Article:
Housing may not be as centre-stage as in previous General Elections, but it still needs to be a top priority for any would-be Government. And while most agree that we’re not building enough new homes, there are some quite jarring claims doing the rounds about whether progress is being made, or not…
So the folks at independent fact-checking charity FullFact have taken a look at the various numbers to discover that dividing historic housebuilding performance along party political lines is a bit basic.
Firstly, some caveats:
- The various ways of mixing and matching the figures and their geographical coverage can make it tricky to compare the records of different governments.
- There’s also the matter of when exactly you pick your starting point. Recent elections and changes of government have taken place in May of a given year, so claims about a particular government’s record might measure from the start of that calendar year, the start of that financial year, or the start of the following year.
- Similarly, houses completed early in the life of one government will have been started under the previous one, and it can take time before a new housing policy is introduced and has an impact on building.
Nevertheless, here’s what FullFact has found:
- 164,000 homes were completed in England in 2015/16. This is more than in recent years, but still below the 2007/08 pre-recession peak of 200,000.
- Taking a long view, house building has been mostly decreasing since the 1960s. The early years of this decade saw house building at its lowest peacetime level since the 1920s.
- There are two different sets of housebuilding figures: The figures more historical figures are known to have undercounted the number of homes that have been built. Since 2006, there are more accurate figures available, and these are the one’s quoted here when we say 164,000 homes were built in 2015/16. The older measure shows only 140,000 homes completed in England in 2015/16.
- Housebuilding starts are different from completed houses. In 2015/16 there were 142,000 started. These figures are also thought to undercount the number of homes built, but there is not a more complete set of figures on these.
- Full United Kingdom figures can also be checked, although again these use the incomplete figure; these indicate that 168,000 homes were completed in 2015/16, and 172,000 started.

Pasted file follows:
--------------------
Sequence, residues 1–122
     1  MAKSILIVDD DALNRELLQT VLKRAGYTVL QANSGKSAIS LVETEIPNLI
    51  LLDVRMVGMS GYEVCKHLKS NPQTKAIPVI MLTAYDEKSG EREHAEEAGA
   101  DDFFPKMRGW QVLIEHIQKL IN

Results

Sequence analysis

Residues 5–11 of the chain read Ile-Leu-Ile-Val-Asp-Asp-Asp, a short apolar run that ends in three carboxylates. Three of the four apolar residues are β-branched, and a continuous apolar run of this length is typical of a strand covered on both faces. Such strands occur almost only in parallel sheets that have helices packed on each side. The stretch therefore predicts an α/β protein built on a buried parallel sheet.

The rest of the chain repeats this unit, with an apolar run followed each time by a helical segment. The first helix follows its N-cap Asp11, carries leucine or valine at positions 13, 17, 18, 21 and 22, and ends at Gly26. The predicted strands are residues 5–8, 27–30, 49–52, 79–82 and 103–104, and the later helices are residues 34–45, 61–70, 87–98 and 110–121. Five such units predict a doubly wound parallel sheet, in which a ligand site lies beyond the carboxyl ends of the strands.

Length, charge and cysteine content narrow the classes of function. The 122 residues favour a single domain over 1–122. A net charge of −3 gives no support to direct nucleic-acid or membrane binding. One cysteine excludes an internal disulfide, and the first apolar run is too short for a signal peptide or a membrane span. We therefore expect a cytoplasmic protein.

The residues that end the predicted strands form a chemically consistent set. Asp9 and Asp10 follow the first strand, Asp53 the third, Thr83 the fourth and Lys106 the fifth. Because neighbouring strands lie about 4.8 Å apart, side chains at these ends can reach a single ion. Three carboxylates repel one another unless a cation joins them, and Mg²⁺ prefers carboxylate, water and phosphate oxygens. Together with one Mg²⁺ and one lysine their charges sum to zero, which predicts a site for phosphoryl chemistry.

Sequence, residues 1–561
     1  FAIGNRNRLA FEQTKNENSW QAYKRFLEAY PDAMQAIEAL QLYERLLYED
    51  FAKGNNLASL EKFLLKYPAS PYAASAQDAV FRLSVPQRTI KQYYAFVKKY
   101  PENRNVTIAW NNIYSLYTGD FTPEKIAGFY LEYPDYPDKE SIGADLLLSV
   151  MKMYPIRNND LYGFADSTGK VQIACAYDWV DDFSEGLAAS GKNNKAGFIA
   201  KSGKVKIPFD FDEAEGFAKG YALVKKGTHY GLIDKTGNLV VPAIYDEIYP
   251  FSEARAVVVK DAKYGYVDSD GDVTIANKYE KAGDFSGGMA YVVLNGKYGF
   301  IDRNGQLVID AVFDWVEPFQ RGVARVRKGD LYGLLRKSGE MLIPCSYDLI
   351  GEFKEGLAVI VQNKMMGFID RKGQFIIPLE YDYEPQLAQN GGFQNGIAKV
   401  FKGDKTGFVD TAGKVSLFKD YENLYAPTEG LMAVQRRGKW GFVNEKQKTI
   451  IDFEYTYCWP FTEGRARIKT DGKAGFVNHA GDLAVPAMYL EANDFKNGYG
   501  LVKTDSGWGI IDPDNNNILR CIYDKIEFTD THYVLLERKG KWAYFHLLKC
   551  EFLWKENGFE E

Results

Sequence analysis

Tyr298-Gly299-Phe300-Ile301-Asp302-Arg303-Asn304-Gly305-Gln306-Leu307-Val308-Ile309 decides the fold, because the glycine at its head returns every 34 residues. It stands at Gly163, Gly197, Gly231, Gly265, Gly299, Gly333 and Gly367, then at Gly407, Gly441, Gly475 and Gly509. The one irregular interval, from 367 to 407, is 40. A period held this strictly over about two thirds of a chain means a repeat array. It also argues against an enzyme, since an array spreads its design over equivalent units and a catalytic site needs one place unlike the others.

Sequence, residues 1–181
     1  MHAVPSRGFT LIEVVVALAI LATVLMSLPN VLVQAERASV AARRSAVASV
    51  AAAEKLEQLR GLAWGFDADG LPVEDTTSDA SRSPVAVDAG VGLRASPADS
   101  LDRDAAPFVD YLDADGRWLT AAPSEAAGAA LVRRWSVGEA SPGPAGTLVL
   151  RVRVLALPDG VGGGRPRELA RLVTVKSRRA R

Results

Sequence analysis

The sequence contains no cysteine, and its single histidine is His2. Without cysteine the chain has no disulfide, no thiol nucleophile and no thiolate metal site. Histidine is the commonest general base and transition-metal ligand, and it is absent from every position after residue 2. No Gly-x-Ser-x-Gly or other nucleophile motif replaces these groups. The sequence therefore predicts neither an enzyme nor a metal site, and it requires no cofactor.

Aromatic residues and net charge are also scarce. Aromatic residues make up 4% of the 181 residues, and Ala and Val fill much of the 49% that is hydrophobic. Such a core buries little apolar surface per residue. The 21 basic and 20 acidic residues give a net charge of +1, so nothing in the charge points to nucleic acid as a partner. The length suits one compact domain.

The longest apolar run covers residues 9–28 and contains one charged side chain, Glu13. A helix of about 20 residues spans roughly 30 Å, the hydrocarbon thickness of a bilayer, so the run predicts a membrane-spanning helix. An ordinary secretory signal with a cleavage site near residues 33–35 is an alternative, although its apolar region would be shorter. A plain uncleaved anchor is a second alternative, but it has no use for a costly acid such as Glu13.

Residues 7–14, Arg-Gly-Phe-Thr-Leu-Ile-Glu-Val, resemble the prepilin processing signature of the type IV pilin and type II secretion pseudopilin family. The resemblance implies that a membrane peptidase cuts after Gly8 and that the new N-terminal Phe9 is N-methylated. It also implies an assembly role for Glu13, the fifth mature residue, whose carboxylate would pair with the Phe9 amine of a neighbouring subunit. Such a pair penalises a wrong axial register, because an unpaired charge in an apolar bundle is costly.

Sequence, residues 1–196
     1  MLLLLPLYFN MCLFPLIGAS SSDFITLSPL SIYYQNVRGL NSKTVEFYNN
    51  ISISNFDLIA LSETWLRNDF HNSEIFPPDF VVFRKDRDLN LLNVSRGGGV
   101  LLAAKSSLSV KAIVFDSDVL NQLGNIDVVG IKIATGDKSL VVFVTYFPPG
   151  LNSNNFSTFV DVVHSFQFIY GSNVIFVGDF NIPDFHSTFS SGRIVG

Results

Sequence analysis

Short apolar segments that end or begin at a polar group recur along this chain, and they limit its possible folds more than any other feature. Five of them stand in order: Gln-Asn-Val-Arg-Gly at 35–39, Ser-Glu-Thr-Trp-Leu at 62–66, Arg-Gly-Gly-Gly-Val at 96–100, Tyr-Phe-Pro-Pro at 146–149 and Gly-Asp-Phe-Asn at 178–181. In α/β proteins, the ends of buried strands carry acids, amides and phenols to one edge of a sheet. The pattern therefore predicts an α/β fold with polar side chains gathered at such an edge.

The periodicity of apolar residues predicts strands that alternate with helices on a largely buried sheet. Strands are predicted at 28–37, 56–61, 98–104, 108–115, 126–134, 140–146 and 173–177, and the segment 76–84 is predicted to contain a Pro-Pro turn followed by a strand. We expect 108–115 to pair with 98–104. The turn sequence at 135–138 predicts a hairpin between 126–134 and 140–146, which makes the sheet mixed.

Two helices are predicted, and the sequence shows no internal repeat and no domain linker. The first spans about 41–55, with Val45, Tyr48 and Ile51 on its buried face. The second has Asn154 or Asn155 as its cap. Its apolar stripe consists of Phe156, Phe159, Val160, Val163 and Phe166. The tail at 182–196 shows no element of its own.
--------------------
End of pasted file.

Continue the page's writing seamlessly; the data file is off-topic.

- Perhaps more usefully, we can also look at how many houses are added to the overall stock each year, rather than just focusing on how many were built. The most complete set of figures indicates that there were 190,000 more homes in England in 2015/16 than the year before, including the 164,000 that were built from scratch. This figure also takes into account homes that are converted or are changed to residential use, having previously been something else like an office or agricultural building. It also takes into consideration the number of homes that are demolished over the year.
So, bearing in mind the opening caveats, which political faction should be believed, and who has the best track record?
The main point is that no recent political party has managed to get enough new homes delivered to meet growing demand:
- England is projected to have 210,000 extra households per year between 2014 and 2039. A household is a person living alone or a group of people living together (such as a family), and two or more households can share one house. We don’t necessarily need one house per new household.
- We can compare the projection to the main house building figure of 164,000 in 2015/16 or the 190,000 homes added to the stock that year.
- In 2014 Dr Alan Holmans, a housing expert at the University of Cambridge, produced new estimates of the housing gap. They were based on 2011 data but took housing conversions, second homes and vacancies into account.
- His analysis suggests that we need to build about 170,000 additional private sector houses and 75,000 social sector houses each year—in total, an extra 240,000-250,000 houses each year, excluding any reductions in the existing housing stock.